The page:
From: The Honorable Adam Kinzinger
Sent By: zach.silberman@mail.house.gov
Date: 6/21/2016

Deadline: Friday, June 24, 2016
Dear Colleague,
The Syrian conflict is going on five years and counting with no signs of slowing down. What we have in Syria, is a generation of voiceless people that are being destroyed by an evil dictator, Bashar al-Assad.  The West thought they had negotiated a ceasefire with the Assad regime yet, the Assad regime continues to commit genocide and crimes against humanity by barrel-bombing men, women, and children, launching chemical attacks against innocents, and using hunger as a weapon to starve civilians in towns like Madaya and Aleppo.  Assad made his intentions to continue down this destructive path very clear this week when he vowed to retake “every inch” of the country back from those that oppose him.
While we continue to debate the important need for more military involvement in Syria, there are additional tools like prosecuting Syrian officials for war crimes and crimes against humanity, which the United States can utilize in order to place additional pressure on the Assad regime.  The crimes stemming from the Syrian war have been meticulously documented, and while traditional avenues for accountability are currently unavailable for Syria due to political and logistical challenges, the wealth of documentation has made it possible to launch investigations in national courts, bringing the promise of justice decades closer for the victims of these heinous crimes.  However, in this category of supporting investigations and prosecutions in Syria, we are years behind
our counterparts in Europe and Canada in terms of funding and adequate support for the prosecutors and investigators.
According to a recent New Yorker article, there are several organizations and NGOs operating in Syria collecting crucial evidence that can help prosecute Syrian officials complicit in war crimes; however, they are not seeking adequate support from the State Department to carry out criminal prosecutions to bring these Syrian officials to justice.  That is why I am sending a letter to Secretary of State John Kerry, urging him to commit funding to international criminal investigations and prosecutions of war crimes, crimes against humanity, and genocide in Syria.  Even this modest improvement to U.S. Syria policy would have a tremendous impact in future accountability efforts for the Syrian war and reinvigorate faith in America’s commitment to justice for the victims of atrocities.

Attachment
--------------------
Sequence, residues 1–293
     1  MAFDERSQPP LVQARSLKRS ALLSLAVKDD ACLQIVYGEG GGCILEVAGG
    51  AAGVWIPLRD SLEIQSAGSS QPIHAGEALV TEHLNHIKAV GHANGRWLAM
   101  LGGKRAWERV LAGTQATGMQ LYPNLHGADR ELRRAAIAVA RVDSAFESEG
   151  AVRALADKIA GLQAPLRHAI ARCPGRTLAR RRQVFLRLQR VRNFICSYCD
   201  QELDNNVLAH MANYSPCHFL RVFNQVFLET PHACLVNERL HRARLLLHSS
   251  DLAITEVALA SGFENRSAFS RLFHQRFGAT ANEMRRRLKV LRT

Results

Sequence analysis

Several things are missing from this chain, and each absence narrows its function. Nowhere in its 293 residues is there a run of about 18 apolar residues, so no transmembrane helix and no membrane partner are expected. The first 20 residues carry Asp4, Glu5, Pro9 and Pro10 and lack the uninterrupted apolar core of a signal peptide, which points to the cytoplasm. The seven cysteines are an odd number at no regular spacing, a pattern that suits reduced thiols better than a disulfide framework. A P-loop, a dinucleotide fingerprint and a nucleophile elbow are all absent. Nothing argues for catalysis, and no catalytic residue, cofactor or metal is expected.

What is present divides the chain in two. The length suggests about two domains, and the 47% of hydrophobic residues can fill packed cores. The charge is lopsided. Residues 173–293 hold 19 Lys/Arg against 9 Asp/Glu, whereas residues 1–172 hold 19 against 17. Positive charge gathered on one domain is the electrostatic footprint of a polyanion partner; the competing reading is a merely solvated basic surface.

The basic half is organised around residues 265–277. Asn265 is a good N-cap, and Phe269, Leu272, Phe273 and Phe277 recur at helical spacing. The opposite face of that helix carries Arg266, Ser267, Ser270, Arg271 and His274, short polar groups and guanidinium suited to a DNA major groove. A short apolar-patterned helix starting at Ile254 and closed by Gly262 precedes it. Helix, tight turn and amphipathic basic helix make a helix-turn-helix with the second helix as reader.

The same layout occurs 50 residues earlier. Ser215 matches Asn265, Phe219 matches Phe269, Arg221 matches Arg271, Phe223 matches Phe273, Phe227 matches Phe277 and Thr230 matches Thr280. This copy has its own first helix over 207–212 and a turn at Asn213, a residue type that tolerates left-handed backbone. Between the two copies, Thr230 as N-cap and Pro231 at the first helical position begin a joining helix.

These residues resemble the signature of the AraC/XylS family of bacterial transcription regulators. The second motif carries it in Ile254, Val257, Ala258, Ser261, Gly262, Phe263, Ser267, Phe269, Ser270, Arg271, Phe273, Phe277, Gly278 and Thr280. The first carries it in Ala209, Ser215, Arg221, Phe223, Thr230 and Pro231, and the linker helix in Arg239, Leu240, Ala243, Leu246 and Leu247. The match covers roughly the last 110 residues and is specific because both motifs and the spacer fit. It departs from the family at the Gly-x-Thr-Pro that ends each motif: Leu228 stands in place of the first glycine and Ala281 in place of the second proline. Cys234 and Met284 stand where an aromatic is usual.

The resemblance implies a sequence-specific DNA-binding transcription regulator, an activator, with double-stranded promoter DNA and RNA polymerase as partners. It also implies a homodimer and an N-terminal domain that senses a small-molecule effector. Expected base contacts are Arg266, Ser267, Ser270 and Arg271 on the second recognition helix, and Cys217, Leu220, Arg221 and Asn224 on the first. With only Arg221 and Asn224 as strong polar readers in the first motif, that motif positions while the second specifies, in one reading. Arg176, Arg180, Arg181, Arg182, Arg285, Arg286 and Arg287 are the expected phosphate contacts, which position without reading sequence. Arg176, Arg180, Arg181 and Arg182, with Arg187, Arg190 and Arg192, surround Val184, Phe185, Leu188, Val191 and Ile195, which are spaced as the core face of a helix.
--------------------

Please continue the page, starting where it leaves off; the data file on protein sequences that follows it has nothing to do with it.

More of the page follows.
Please join me in urging the Secretary of State to properly fund prosecutions of Syrian war criminals.  We owe it to the innocent men, women, and children that have been butchered in Syria to utilize all our tools to seek justice against the brutal Assad
regime for their crimes against humanity.  If you would like to sign on, please contact Zach Silberman in my office at
Zach.Silberman@mail.house.gov
(202-225-3635).
Sincerely,
Adam Kinzinger
Member of Congress
Letter Text
The Honorable John Kerry
Secretary of State
U.S. Department of State
2201 C Street NW
Washington, D.C. 20520
Dear Secretary Kerry,
We are writing to urge the Department of State to commit funding to international criminal investigations and prosecutions of war crimes, crimes against humanity, and genocide in Syria.
Despite years of censure, the regime of the evil dictator Bashar al-Assad continues to act with impunity against civilian populations, particularly women and children because the regime believes it inflicts more pain per capita on the population.  Daily
barrel bombs destroy hospitals and markets, hunger continues to be used as a weapon to kill innocents, peaceful protesters have been gunned down or languish in regime prisons, and weapons of mass destruction have been used to gas children.